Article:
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Dominique Marshall

of information about development in Canadian schools during that period offer the historian a significant opportunity to study practical and ideological traditions of visual communications for pedagogical purposes among humanitarian agencies. The focus of historical inquiries of visual media is often on the content produced and the intended audience, with limited examination of those responsible for the logistics and pedagogical dimensions of the distribution of the materials. This article discusses the following aspects of the practices of CIDA: the purpose of

Journal of Humanitarian Affairs
Abstract only
John Shepherd

Chapter Six Media coverage On 22 January 1979, Tony Benn noted in his diary: ‘Today was the Day of Action for local government employees and 1.25 million workers took the day off. The press is just full of crises, anarchy, chaos, disruption – bitterly hostile to the trade union movement. I have never seen anything like it in my life.’1 At the peak of the ‘winter of discontent’, the National Day of Action became the greatest industrial stoppage since the General Strike of May 1926. On 22 January 1979 around 1.5 million public sector workers took part in major

in Crisis? What crisis?
Abstract only
Duncan Watts

Chap 10 28/8/03 1:16 pm Page 243 The mass media 10 In advanced Western democracies, the media perform a major role. Freedom of expression is well established in the West and journalists are vigorous players on the political scene. They are sometimes portrayed as the ‘fourth branch of government’ or the ‘fourth estate’, rivalling the three official branches of political power. Television and the press can’t actually do what the other three branches do, but the way in which they help to shape attitudes makes them very significant in the political process. We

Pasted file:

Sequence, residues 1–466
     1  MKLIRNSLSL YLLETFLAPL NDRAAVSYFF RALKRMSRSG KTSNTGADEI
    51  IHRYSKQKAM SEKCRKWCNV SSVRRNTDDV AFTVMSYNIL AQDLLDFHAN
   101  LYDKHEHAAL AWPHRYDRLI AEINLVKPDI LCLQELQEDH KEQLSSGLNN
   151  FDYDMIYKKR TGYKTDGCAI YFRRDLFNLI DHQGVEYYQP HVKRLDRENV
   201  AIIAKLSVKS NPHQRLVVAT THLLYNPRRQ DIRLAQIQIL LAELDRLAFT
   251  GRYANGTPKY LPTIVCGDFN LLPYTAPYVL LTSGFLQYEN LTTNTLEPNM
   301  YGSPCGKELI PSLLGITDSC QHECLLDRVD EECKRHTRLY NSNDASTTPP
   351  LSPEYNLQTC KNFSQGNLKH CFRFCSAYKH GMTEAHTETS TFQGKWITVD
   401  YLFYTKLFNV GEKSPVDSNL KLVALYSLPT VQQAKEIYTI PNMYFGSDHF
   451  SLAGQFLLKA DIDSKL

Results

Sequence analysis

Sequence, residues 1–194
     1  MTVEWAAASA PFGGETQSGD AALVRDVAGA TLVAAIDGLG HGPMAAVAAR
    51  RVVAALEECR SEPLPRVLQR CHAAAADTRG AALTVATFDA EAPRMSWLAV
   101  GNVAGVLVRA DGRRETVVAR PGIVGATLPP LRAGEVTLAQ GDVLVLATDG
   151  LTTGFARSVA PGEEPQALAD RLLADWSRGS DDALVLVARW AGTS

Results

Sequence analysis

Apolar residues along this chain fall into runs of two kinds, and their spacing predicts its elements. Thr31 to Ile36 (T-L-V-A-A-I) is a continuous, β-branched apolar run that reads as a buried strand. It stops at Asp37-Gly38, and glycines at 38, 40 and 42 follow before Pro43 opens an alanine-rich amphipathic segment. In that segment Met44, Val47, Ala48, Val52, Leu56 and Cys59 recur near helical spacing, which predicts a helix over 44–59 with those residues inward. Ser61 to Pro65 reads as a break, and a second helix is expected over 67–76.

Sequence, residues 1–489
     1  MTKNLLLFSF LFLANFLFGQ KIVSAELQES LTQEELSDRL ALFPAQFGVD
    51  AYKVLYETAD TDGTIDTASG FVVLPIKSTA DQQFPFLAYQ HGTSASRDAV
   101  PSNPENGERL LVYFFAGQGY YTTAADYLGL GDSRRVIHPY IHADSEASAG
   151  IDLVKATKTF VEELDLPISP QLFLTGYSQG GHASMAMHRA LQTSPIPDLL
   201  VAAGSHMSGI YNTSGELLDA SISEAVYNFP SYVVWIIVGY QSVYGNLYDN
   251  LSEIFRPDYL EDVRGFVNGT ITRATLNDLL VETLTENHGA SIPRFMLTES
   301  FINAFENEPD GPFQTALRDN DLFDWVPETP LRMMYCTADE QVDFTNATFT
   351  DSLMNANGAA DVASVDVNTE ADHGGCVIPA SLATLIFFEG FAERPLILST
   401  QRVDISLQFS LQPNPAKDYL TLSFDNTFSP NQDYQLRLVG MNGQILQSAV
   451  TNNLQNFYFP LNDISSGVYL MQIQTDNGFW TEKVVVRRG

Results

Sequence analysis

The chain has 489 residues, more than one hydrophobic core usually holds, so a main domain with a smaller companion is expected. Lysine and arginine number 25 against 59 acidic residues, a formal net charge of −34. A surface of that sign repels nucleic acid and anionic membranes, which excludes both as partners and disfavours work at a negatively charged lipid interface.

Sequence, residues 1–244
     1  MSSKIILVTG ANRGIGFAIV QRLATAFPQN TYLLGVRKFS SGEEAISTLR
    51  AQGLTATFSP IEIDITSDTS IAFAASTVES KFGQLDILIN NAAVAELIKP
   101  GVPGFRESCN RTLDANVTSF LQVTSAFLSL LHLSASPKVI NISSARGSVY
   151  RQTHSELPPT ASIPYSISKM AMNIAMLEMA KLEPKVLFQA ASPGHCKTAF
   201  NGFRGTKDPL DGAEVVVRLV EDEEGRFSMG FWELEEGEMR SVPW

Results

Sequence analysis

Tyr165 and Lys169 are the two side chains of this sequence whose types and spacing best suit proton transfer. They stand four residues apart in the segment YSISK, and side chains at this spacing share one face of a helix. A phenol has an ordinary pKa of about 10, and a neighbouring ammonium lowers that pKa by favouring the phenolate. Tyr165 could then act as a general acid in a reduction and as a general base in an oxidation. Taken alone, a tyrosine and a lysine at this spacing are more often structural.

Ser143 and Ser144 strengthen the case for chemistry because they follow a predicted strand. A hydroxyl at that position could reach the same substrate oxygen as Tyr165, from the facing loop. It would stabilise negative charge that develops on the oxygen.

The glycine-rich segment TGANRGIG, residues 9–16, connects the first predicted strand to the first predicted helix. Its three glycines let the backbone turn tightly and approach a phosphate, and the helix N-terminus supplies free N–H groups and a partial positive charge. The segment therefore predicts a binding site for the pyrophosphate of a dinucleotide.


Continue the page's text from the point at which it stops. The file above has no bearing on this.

in Understanding US/UK government and politics
Food safety policy and politics upset
Ed Randall

2 Salmonella and media intrusion: food safety policy and politics upset Background to a great British food scare The career of one British politician, the former Conservative MP Edwina Currie, is more closely associated with food scares in Britain than that of any other. In the closing weeks of 1988 Edwina Currie (then a junior minister at the Department of Health) gave a short interview that was broadcast on national television. Just one sentence from her brief TV interview was decisive in influencing what would become the lead news item across Britain in the

in Food, risk and politics
An Interview with Rainer Schlösser, Spokesperson of the Association of the Red Cross Museums in Germany (Arbeitsgemeinschaft der deutschen Rotkreuz-Museen)
Sönke Kunkel

and new visual media? I mean, how important can a Red Cross museum be in those times? RS: Well, being a museum director, I would of course say they are extremely important! [(laughter] SK: Yes, I see that point [laughter] But what exactly is it that makes them so important? RS: Let me point back to the ten-year anniversary of the Association of the Red Cross Museums in Germany here. I remember that I gave a speech on that occasion, in which I pointed out that big companies like Mercedes, Stollwerck, or Volkswagen – they all have a corporate museum. Why